Comment: Re:Possibly Worse Than That (Score 1) 212

by Obfuscant (#46784457) Attached to: Click Like? You May Have Given Up the Right To Sue

Second, you do not have to have the opportunity to modify terms period, let alone before exchanging money. Terms may be offered on a "take it or leave it" basis;

Which is an opportunity to modify the terms which was refused by one of the parties. The act of "tak[ing] it" is the agreement upon the terms; the act of "leav[ing] it" is the rejection. But even the party that is told "take it or leave it" has the opportunity to offer other terms, it's just very unlikely they will be accepted.

The point was, of course, is that both parties are aware of the terms and have agreed to them, whether or not the terms are a compromise.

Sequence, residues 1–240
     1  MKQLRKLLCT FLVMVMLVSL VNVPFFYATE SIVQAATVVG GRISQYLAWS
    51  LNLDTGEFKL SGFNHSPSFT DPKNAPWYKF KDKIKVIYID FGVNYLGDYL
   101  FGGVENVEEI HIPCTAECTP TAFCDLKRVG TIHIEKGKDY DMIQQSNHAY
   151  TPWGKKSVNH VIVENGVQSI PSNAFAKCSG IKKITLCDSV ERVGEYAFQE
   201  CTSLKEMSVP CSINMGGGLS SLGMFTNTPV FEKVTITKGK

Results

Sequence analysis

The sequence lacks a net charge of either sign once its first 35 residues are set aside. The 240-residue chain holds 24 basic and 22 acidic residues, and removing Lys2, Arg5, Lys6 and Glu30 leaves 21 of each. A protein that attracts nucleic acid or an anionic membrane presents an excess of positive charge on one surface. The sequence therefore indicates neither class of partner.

Comment: Re:Possibly Worse Than That (Score 3, Insightful) 212

by Obfuscant (#46783343) Attached to: Click Like? You May Have Given Up the Right To Sue

I know that it's said that ignorance of a contract is no excuse for breaching it.

Of course ignorance of the existence of a contract is an excuse for "breaching" it. What you're probably thinking of is "ignorance of the law is no excuse". But just because GF says "buying a box of our cereal creates a contractual relationship" doesn't make it so.

Contemptuous lights flashed flashed across the computer's console. -- Hitchhiker's Guide to the Galaxy